A recent incident in our town is eerily reminiscent of the 2011 Sandusky scandal, an event that burst open the bubble that small town living often creates. An event that hit so close to home—just 25 miles northeast on I-99—was hardly enough to remind us that child sexual abuse can happen in a place like Happy Valley. Just shy of three years later we face a situation involving children in our town, and we’re shocked all over again to realize that potential dangers and predators can be found in the heart of downtown Tyrone.
But I don’t want to talk about child sexual abuse. It’s a topic that demands more than a short editorial in the daily newspaper. Among the many issues that the incident raised, it’s easy to see why sexual harassment in the workplace was overlooked. According to the U.S. Equal Employment Opportunity Commission (EEOC), there were 11,364 complaints of sexual harassment filed in 2011 alone. I should begin by saying that of the 11,364 complaints filed to the EEOC, 84 percent were filed by women. In cases where men are victimized, most incidents are not reported at all. It’s important to remember that sexual harassment is an issue that pervades across many spectrums: sex, gender, race, religion, socio-economic status, and orientation.
In instances where sexual harassment in the workplace arises, there are federal and state laws to consider. Title VII of the Civil Rights Act of 1964 states that “it is unlawful to harass a person (an applicant or employee) because of that person’s sex.” This includes behaviors like unwelcome sexual advances, requests for sexual favors, and any physical or verbal harassment of a sexual nature. Although the law doesn’t prohibit simple teasing, offhand comments, or isolated incidents that are not very serious, harassment is illegal when it is so frequent or severe that it creates a hostile work environment or when it results in an adverse employment decision (such as the victim being fired or demoted). These are the Hostile Work Environment and Quid Pro Quo clauses respectively, and an individual is considered to have experienced sexual harassment if the behavior meets the requirements of either clause. Additionally, an individual is considered to have experienced sexual harassment if he or she feels harassed (whether or not the sex-related behavior is illegal) under the psychological definition.
This is important to break down because it’s a lot of legal information to take in. Basically, sexual harassment occurs in any instance where a hostile work environment is created, employment decisions are adversely affected (of a sexual nature), or if the victim feels that s(he) has experienced sexual harassment. As of 2008, sexual harassment laws were revised to include these subjective and objective criteria.
In studies done by Chamberlain and colleagues, it was proven that physically demanding work increased the likelihood that men and women would experience jokes, put downs, sexual solicitation, threats, touching, and forced sexual contact. For many central Pennsylvanians, these are the majority of employment opportunities. According to the Pennsylvania Department of Labor & Industry, there were approximately 2,500 new hires in the manual labor fields, which made up about half of the total new hires across all industries.
Of course there is no easy solution to the problem of sexual harassment in the workplace. Employers should be made aware that the presence of a formal grievance procedure reduces the likelihood of sexual harassment. It is important to have policies in place that will address sexual harassment issues as they arise in the workplace.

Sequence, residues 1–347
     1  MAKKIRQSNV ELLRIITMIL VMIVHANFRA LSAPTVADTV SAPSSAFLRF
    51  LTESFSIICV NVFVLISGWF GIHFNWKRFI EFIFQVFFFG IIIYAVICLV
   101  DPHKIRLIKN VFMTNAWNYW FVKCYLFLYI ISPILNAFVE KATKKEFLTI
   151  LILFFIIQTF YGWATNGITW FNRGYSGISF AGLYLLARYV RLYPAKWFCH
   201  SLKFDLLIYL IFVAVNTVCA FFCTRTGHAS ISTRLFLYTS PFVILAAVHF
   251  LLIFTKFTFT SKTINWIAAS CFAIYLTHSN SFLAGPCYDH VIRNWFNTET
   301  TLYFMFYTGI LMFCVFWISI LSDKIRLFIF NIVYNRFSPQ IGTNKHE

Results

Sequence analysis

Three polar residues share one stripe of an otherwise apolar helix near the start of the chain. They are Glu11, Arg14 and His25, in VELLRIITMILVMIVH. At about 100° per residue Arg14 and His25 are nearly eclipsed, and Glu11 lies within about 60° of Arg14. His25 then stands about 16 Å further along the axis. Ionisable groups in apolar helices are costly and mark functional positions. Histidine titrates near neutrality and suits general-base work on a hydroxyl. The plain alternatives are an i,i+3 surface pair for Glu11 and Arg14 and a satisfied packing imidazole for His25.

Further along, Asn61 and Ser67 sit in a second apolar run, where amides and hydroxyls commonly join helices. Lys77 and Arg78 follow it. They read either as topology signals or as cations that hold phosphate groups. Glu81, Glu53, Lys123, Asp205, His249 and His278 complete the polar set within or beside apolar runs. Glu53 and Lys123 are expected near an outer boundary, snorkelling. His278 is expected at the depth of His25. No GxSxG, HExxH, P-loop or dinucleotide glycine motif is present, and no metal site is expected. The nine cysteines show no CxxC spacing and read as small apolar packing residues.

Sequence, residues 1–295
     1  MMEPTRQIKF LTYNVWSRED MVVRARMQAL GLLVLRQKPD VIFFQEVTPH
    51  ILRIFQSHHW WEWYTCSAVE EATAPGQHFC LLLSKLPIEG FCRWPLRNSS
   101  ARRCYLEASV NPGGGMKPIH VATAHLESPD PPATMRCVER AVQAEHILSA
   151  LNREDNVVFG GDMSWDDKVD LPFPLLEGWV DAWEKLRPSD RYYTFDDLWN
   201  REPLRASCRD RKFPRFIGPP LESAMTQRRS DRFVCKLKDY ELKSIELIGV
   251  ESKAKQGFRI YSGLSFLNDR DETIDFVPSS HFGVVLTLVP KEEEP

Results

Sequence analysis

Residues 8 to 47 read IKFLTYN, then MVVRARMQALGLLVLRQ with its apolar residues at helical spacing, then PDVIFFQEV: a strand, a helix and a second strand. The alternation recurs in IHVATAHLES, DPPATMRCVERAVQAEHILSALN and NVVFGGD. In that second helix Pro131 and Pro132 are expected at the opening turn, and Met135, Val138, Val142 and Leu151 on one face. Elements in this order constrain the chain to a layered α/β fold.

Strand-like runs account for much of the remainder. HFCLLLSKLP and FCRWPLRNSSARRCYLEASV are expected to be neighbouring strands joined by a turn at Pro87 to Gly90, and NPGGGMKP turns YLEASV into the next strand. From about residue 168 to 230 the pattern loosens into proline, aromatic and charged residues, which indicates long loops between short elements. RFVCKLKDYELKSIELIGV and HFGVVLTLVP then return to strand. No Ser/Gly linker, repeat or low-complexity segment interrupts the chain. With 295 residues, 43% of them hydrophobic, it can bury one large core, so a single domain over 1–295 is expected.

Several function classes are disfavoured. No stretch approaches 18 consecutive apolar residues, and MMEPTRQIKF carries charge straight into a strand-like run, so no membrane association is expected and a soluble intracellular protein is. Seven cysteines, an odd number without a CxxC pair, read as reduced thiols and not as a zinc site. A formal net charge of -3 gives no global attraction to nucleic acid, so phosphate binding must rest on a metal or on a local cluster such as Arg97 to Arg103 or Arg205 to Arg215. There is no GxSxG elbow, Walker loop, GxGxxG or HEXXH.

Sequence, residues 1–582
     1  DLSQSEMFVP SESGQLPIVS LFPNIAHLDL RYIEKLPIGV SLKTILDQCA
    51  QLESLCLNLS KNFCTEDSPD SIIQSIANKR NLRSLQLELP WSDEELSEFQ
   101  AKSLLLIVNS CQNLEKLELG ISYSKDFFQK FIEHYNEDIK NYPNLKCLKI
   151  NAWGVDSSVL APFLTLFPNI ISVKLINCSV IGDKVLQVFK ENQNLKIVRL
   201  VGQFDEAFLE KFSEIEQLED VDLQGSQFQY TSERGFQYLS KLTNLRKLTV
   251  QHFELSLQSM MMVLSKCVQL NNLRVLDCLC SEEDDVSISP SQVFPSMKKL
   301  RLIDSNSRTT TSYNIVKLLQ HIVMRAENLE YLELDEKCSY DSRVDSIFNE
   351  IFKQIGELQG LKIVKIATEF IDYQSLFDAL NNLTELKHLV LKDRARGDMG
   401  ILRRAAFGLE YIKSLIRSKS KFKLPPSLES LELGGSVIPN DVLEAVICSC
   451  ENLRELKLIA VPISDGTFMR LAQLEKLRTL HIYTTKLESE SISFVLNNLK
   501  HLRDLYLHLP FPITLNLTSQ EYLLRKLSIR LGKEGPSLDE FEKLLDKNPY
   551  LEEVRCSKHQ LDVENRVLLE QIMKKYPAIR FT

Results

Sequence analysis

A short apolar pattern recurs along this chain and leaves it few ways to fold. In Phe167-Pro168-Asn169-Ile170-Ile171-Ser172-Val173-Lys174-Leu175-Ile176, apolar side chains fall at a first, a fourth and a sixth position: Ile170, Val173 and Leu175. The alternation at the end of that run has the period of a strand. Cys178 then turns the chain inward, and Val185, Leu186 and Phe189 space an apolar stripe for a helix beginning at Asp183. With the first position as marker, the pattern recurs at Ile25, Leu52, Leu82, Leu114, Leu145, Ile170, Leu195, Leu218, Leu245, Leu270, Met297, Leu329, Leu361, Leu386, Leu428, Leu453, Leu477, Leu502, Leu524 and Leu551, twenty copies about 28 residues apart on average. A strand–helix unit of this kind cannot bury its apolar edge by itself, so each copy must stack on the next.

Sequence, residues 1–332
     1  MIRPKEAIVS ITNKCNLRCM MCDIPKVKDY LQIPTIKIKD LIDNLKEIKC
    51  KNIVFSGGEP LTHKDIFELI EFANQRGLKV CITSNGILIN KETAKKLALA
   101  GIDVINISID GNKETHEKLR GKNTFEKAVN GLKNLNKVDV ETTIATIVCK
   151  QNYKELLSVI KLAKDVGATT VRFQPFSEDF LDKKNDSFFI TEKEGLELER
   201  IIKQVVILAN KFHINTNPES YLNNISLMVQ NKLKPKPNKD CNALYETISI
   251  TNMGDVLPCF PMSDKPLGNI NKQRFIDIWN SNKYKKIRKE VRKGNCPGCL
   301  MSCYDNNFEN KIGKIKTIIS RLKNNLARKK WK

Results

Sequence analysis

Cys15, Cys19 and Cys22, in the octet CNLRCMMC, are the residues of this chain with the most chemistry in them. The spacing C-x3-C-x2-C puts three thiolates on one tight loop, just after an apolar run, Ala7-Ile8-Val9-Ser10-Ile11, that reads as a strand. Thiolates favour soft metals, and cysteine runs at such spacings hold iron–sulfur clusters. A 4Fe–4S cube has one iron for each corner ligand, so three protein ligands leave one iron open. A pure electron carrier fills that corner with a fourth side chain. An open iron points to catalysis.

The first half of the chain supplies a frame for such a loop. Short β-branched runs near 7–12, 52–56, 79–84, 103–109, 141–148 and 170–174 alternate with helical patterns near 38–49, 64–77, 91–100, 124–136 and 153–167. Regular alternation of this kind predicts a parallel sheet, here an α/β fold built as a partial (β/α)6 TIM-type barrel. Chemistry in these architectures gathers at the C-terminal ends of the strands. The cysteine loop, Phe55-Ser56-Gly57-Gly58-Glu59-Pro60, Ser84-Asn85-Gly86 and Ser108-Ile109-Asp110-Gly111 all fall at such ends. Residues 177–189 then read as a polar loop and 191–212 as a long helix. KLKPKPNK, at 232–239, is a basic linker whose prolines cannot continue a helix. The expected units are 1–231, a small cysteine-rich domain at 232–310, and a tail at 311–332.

For employees, it’s important to remember a few things about reporting and seeking prosecution for sexual harassment in the workplace. The way that the law is set up for employers and businesses in Pennsylvania requires incidents to be pervasive or severe in nature before the case can be taken to trial. However, the behaviors don’t have to be either for the employee to file a complaint with the human resources department or supervisor at the place of employment. It’s important to note that although the employer is required by law to investigate the claim, the business does not have to fire the harasser. The consequences for sexual harassment vary from employer to employer, which is why it’s important to know the company’s sexual harassment complaint procedures and policies. It is also important to be aware of deadlines for filing complaints. For example, federal law allows for 300 days after the incident occurs, but this number varies by state—you could have as few as 180 days.
There are many non-profit organizations that provide legal advice and representation at low costs, including your local Women’s Resource Center (services both men and women). If you are a student, often your activities fee at the university where you are enrolled will provide you with free legal representation.
More importantly than taking legal action is knowing when to quit. This decision might come with legal ramifications that could hurt a case, but it’s more important to protect yourself from the breeding ground of psychological effects that go along with sexual harassment. If at any point you feel that your health and safety are in danger, it’s time to think about removing yourself from the workplace setting and situation altogether.
Moving forward, I hope that we don’t face another incident of sexual abuse or harassment in our small town again. Because I know that it’s happened before—and something we are facing today—I am not naïve enough to think that is the end of the discussion; in fact, I hope it’s just the beginning of a discourse that will support and encourage community members to speak up.
-Spring 2014/Internship at The Daily Herald